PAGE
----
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Tim Daiss

Tim Daiss

I'm an oil markets analyst, journalist and author that has been working out of the Asia-Pacific region for 12 years. I’ve covered oil, energy markets…

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LNG Prices Are In A Tailspin Due To Warmer Weather

Liquefied natural gas (LNG) prices remain under pressure amid warmer temperatures in the Northern Hemisphere, with more warm winter months projected in the world’s top three LNG importing countries - Japan, China and South Korea. The downward trajectory in oil prices, particularly London-traded Brent crude futures, is also weighing on LNG prices, especially spot prices in Asia which represents around nearly three-quarters of all global LNG demand.

This downward LNG pricing cycle is unusual for this time of year when LNG prices are usually robust as major LNG importers finish topping off storage levels ahead of winter. However, this year major Asian LNG importers are reportedly already full and practically running over with the super-cooled fuel.

Lower LNG prices are also creating a somewhat new dynamic akin to what oil traders have been doing for decades during periods of contango, storing oil on tankers while waiting for prices to increase. Contango, also sometimes called forwardation, is a situation where the futures price of a commodity is higher than the anticipated spot price at maturity of the futures contract.

The hedge is that prices will increase enough to offset the extra cost of storage for both oil and also LNG. LNG storage is a bit more complicated since LNG boil off rates increase the longer its stored, while it is also more expensive to store since the fuel has to be cooled at lower temperatures. However, newer LNG tankers, using recent technology has made it increasingly feasible to keep LNG at minus 162 degrees Celsius for longer periods of times.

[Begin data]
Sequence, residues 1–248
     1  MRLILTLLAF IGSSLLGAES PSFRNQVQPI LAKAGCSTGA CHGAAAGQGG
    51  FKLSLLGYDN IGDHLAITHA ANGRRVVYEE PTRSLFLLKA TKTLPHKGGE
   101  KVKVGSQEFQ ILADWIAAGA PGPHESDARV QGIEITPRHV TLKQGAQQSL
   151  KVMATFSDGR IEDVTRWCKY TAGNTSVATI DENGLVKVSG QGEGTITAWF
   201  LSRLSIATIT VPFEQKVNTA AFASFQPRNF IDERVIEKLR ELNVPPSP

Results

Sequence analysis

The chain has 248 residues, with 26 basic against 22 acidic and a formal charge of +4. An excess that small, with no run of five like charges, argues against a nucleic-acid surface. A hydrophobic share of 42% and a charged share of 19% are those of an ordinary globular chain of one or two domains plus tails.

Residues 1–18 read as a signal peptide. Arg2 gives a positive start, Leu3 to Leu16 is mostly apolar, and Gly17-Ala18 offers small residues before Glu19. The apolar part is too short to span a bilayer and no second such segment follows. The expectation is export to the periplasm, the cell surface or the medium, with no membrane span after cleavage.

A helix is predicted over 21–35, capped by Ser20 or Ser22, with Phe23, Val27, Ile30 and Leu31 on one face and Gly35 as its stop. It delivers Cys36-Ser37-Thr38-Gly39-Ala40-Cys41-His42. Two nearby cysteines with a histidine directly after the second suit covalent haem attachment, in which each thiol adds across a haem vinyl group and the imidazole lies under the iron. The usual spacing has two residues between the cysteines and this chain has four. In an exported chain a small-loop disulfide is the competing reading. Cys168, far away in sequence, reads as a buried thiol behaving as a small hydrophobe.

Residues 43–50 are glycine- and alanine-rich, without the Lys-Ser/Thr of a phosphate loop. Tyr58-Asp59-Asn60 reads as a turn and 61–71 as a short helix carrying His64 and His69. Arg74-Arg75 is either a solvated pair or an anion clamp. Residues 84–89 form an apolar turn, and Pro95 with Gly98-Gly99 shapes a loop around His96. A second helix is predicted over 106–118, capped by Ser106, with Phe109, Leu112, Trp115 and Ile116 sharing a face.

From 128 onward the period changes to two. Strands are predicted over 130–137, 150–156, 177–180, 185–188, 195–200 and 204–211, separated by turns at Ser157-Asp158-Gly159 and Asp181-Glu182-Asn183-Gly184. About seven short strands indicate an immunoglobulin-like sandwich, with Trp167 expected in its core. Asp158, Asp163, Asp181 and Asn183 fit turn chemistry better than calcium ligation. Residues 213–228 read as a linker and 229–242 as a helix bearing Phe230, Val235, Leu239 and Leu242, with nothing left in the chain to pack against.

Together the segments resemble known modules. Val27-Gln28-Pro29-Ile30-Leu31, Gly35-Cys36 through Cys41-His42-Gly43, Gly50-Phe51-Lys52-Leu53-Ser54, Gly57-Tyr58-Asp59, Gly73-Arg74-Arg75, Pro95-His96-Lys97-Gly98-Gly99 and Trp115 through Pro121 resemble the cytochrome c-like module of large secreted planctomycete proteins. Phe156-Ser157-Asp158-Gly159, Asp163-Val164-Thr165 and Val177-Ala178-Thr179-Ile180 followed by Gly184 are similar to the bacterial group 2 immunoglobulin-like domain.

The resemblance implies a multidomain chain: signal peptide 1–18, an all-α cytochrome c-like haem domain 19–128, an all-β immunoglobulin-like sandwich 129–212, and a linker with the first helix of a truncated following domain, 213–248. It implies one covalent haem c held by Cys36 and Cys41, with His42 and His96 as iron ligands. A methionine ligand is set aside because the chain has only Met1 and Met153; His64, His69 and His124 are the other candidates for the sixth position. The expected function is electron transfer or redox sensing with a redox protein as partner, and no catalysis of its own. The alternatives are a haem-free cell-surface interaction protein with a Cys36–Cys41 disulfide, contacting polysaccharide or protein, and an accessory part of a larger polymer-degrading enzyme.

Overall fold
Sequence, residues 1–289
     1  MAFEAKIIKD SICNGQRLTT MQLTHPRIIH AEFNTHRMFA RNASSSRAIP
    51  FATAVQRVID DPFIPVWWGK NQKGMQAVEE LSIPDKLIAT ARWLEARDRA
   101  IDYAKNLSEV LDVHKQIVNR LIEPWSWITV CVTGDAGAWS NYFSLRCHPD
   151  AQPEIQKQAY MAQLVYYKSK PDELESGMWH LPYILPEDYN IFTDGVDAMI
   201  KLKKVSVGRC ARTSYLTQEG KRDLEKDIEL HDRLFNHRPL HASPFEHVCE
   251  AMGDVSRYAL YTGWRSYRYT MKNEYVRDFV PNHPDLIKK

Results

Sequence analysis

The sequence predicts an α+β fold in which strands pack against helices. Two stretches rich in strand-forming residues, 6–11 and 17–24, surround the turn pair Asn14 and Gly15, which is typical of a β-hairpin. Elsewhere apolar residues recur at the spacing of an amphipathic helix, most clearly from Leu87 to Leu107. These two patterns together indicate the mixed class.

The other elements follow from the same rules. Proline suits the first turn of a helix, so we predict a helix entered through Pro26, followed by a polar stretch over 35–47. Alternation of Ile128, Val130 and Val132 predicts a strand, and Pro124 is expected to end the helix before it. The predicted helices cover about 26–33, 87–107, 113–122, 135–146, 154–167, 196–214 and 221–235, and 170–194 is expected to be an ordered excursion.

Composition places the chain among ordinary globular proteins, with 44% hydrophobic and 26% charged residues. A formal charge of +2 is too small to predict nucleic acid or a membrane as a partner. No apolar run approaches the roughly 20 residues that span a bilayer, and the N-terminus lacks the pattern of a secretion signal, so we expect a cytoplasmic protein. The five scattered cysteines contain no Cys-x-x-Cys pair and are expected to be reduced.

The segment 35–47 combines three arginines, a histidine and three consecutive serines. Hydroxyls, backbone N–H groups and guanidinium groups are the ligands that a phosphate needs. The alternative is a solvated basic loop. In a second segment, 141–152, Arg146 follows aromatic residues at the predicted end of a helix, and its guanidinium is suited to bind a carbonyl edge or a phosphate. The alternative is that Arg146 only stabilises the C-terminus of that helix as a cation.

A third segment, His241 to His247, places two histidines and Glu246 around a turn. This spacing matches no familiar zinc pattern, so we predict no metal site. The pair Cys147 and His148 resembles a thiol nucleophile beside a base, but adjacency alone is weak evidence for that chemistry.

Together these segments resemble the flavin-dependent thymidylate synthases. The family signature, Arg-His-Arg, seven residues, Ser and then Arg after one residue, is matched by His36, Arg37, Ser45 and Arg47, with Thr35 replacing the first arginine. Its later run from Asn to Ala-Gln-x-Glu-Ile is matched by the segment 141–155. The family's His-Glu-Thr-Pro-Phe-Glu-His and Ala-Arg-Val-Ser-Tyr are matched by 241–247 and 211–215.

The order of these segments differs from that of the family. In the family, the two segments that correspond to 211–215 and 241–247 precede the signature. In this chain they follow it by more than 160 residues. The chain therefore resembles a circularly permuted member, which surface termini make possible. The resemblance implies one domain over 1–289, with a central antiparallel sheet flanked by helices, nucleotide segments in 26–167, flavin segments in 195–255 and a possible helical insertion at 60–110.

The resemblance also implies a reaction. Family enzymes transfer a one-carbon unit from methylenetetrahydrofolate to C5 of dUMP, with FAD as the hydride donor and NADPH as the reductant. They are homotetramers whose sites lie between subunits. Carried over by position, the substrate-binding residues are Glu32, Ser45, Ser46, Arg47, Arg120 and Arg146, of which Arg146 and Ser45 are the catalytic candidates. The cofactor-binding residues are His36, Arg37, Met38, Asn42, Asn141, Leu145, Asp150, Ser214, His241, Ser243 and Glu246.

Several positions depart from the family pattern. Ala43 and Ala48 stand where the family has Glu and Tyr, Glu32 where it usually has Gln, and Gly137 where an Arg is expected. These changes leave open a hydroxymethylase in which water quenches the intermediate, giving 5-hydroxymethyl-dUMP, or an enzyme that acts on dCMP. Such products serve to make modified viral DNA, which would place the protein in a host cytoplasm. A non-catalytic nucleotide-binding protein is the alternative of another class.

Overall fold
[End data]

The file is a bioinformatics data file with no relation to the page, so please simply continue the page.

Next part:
In fact, according to cargo-tracking company Kpler SAS there are about 30 ships flagged as floating storage world-wide, with two-thirds of them in the Asia-Pacific region, predominately laying off the ports of Singapore and Malaysia. However, that still pales in comparison to the global fleet which comprises around 500 vessels.

Another factor adding to the growing trend of storing LNG in tankers offshore is the development of floating, storage and regasification units which have lower boil off points, larger capacity and reliquefication facilities on board to keep the fuel cool.

Related: Natural Gas Drives Saudi Geopolitical Pivot

LNG spot prices in Asia could continue to drop, while they have recently hit fresh lows for this time of year. Last week spot prices for the super-cooled fuel in Asian tumbled some 10 percent, hitting three month lows. Reuters, citing traders, said that LNG spot prices for January delivery in North Asia LNG-AS were estimated at $10 per million British thermal units (MMBtu), 90 cents lower than last week.

Meanwhile, the outlook for LNG prices amid warmer temperature forecasts in the Northern Hemisphere will continue to put negative pressure on LNG prices, increasing contango and the storage on vessels waiting for prices to increase.

On Thursday, crude prices hit fresh year lows amid concerns of an impending supply overhang, which will also keep LNG prices in Asia, which are still often linked to Brent oil futures, lower. Oil prices were hit by another wave of heavy selling Thursday, with fears of climbing production dragging the two most popular benchmarks to lows not seen in more than a year, the Wall Street Journal reported.

Brent crude (the global oil benchmark) ticked up 0.80 percent, at $59.22 a barrel, on London’s Intercontinental Exchange. West Texas Intermediate (WTI) crude futures, the U.S. oil standard, increased slightly, by 0.99 percent, to $50.77 a barrel, on the New York Mercantile Exchange. The U.S. crude grade fell below $50 a barrel for the first time in almost 14 months, earlier in the trading session. Saudi Arabia and OPEC are expected to announce production cuts at the OPEC ministerial meeting in Vienna, Austria on December 6. Russia, for its part, appears to be waffling at the moment, and may not be as willing to join output cuts as it did in early 2017 to help reign in the oil supply glut at the time.

By Tim Daiss for Oilprice.com

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